Category: Cultural Heritage

Power Plant "Szombierki" in Bytom

The Combined Heat and Power Plant Szombierki has been an inherent component of the landscape of Bytom since it was opened on 29 November 1920. The investor and the first owner of the power plant was the German company Schaffgotsh Bergwerksgesellschaft GmbH, belonging to the Upper Silesian family line of the Schaffgotschs. The rated power of 100 MW put Szombierki among the greatest power plants in the country and in Europe.
During a visit to the plant you can become acquainted with the heat and electric energy generation process in the combined heat and power plant, whose operation is based on the hard coal combustion. It is also an interesting and inspiring space for the fans of industrial tours as well as artists and participants of artistic and sports events.

Route chronicle

The building was constructed in the modernist style according to the design of architects Emil and George Zillman, the authors of the designs of Giszowiec and Nikiszowiec settlements in Katowice. The construction of the CHP Plant Szombierki was commenced after the end of the World War I. According to a legend, originally, it was supposed to be an explosives factory; however, eventually the building was redesigned in order to serve as a power plant. The plant was opened on 29 November 1920. A four-sided Siemens & Halske clock was mounted on the power plant tower in 1925. It was coupled with 54 clocks operating in the plant. In the years 1939-1944 Szombierki Power Plant had the maximum output of 100 MW. 900 people worked there at that time. It could be considered then to be one of the largest power plants in Europe.

street Kosynierów 30
41-907 Bytom
Upper Silesian Agglomeration, Silesia
in the city/town
Contact data
: "Obiekt w zagrożeniu" - w ofercie występują istotne braki. Przygotowywany jest program naprawczy.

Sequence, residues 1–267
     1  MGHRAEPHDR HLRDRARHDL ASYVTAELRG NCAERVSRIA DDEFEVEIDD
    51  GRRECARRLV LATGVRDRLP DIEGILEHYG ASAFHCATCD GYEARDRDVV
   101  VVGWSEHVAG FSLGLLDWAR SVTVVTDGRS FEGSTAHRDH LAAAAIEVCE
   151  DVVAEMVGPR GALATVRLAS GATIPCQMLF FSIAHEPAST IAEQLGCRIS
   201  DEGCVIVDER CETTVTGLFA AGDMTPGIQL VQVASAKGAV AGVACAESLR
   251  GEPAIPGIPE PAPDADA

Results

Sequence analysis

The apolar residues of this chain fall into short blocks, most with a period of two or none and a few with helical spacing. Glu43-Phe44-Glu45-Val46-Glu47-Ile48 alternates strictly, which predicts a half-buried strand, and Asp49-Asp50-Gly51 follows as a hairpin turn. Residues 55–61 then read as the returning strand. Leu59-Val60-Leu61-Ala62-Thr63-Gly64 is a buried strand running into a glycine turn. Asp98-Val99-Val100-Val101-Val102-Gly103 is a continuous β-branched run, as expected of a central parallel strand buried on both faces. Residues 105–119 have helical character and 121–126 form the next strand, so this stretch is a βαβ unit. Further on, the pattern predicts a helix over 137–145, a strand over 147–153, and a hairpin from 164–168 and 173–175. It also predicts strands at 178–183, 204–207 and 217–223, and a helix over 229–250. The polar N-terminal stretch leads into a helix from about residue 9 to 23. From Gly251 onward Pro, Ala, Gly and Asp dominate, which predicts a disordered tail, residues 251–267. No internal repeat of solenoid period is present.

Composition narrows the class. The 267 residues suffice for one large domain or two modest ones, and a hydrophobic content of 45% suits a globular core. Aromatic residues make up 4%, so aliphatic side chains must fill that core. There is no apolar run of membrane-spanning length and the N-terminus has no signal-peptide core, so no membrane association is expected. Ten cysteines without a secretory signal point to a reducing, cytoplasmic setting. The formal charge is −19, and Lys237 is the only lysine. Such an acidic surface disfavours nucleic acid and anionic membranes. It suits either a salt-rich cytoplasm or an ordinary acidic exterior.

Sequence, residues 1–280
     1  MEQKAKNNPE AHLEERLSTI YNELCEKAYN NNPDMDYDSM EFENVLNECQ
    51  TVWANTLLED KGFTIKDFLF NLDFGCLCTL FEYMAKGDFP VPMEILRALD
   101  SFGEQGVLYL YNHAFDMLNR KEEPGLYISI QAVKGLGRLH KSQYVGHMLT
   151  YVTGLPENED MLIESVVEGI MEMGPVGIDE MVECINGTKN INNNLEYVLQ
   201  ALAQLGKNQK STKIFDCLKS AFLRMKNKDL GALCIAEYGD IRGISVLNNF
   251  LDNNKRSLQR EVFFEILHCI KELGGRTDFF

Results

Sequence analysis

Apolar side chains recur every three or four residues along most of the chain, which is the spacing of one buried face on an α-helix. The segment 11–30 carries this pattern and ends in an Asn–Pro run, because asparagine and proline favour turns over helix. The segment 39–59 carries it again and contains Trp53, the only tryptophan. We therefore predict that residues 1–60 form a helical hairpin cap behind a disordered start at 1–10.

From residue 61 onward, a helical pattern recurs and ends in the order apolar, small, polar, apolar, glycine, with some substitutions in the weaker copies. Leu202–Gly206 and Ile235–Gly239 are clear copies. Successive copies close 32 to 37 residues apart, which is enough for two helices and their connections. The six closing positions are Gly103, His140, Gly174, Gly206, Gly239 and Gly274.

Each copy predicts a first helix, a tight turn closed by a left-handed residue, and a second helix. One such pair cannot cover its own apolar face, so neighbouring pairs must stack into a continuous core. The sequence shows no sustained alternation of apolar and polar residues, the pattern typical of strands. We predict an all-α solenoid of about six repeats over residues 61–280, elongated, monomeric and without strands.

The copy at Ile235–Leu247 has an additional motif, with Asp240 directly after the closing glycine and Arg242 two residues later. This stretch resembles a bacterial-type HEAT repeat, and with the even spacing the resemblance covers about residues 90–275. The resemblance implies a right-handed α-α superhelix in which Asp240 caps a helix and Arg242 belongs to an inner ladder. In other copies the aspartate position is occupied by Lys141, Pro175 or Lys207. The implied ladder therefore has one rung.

General Information
: technology monuments, postindustrial
Prices & amenities
: The site is unavailable for tourists.
: photos allowed
: car park
: limited

The site is unavailable for tourists.

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Sound files
Elektrociepłownia Szombierki

We can now take a train ride from Bytom to Miasteczko Śląskie in small coaches of the Upper Silesian Narrow Gauge Railways. We get on the train at the railway station of Bytom Karb Wąskotorowy and get off near the reservoir of Nakło–Chechło. Few people know that it is the oldest operating narrow-gauge railway line in the world. The first stretches of the line were launched as early as in 1853. In the following decades, in Upper Silesia, a network of lines connection was constructed, which in its heyday was nearly 250 km long.
The building of the old power station of the steel plant “Bobrek” at Konstytucji Street is the only remnant of the ironworks operating here for nearly a half century. The building once housed some industrial gas plant blast equipment. The brick buildings of the power station were erected in two stages at the beginning of the last century. They refer to the style of Romanesque architecture.
In Bobrek, the district of Bytom bordering Zabrze, there is the largest city's historical workers’ housing estate - the so-called “Nowa Kolonia Robotnicza” (“New Workers’ Colony”), which was established in the early decades of the last century for the families workers of the iron factory "Julia" (later named "Zygmunt") and of the coal mine "Graefin Johanna "(later named Bobrek "). Most of the more than a hundred multifamily homes were built in the style of Historicism with some elements of Secession.
The Church of the Most Sacred Heart of Jesus in Szombierki was built in the first decade of the twentieth century. The investment was financially supported by the Schaffgotschs, local owners of land and many industrial plants in Silesia. The Church is the final resting place of Karol Godula, a legendary industrialist associated with Szombierkami. The tombstone with a Latin inscription can be found in front of the main altar.
The Franciszek Kachl Park is one of the oldest parks in Upper Silesia. It covers the area of 43 hectares. The origins of the park are associated with Hubert von TieleWinckler, who in 1840 offered a vast area of the manor forest to the inhabitants of Bytom. The unfenced, easily accessible park has luckily survived to the present day and serves both families with children, lovers, dog owners, chess players, tennis players, and anglers.
The church of the Holy Family in Bytom Bobrek was built between 1900 and 1905, and a year later, an independent parish was established next to it. The church was erected on land donated by Earl Schaffgotsch. It was designed by Ludwik Schneider from Opole. The church is made t of brick in the neo-Romanesque style. Inside, it is worthwhile to see an original, neo-Romanesque interior, including the high altar and stained glass windows.
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